Republicans on Capitol Hill have been stymied as to how to repeal the law and replace it without dropping millions from coverage.

The Affordable Care Act, which has been under threat of repeal since its implementation, has gained in popularity after the election of Donald Trump to the presidency, according to recent polling data.

The reality of losing health insurance may be driving the recent bump in the law’s popularity, as Trump made a swift repeal of the ACA a campaign priority. One of his first moves after his inauguration was to issue an executive order to “prompt repeal” of the law.

However, Republicans on Capitol Hill have been stymied as to how to repeal the law and replace it without dropping millions from coverage. Now that the law has increased in popularity, many Republicans are leaning toward fixing the law rather than implementing their original plan to repeal and replace the ACA.

A recent report from The Hill, a political news outlet, reveals that many Republicans are now interested in keeping the more popular aspects of the ACA in place.

“I think it is more accurate to say repair Obamacare because, for example, in the reconciliation procedure that we have in the Senate, we can't repeal all of Obamacare,” Tennessee senator Lamar Alexander said to reporters, via The Hill.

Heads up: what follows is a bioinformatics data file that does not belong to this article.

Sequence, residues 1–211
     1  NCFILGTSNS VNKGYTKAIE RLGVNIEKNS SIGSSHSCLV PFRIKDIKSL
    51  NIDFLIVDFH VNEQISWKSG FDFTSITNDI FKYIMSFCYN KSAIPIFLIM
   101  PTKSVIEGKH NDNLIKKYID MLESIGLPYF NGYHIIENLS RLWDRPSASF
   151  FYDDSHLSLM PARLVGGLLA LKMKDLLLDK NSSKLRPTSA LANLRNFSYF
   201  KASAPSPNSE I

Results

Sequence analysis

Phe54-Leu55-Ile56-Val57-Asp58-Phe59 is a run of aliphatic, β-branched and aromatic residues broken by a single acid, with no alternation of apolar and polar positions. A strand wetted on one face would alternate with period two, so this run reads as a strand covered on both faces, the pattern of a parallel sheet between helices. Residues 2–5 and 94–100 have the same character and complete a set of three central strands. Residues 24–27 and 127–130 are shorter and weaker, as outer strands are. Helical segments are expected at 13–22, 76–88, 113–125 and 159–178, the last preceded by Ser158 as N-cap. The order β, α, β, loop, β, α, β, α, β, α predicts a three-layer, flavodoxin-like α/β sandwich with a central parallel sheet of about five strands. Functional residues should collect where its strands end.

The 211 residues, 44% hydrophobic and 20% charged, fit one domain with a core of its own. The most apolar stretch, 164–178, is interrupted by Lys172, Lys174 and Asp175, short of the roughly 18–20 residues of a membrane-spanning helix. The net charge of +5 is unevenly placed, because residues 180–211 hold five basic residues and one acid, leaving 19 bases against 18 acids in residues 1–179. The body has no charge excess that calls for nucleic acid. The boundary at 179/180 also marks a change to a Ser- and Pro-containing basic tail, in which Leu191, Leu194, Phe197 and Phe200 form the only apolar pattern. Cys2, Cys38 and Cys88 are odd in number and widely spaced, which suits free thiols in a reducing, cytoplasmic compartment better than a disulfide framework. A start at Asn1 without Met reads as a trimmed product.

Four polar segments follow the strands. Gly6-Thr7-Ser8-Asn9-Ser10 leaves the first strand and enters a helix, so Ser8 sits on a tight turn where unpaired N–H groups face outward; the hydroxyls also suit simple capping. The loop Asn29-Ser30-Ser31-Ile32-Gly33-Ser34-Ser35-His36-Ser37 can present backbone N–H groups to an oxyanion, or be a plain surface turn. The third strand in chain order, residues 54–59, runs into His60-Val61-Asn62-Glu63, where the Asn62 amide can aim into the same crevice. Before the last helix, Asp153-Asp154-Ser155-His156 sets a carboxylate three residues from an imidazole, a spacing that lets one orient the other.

“Obamacare wasn't passed by reconciliation, it can't be repealed by reconciliation. So we can repair the individual market, which is a good place to start."

Medicaid expansion is a key aspect of the law, as many otherwise wouldn’t be able to afford health insurance. St. Alexius president Andy Lankowicz said last year that 20,000 people have gotten coverage in North Dakota under Medicaid expansion.

The New York Times cited in a recent report that an NBC/Wall Street Journal poll shows that 45 percent of respondents say that Obamacare was a good idea, while 41 percent say it was a bad idea. The report also cites a Fox News poll that shows 50 percent of respondents support the ACA versus 46 percent opposed.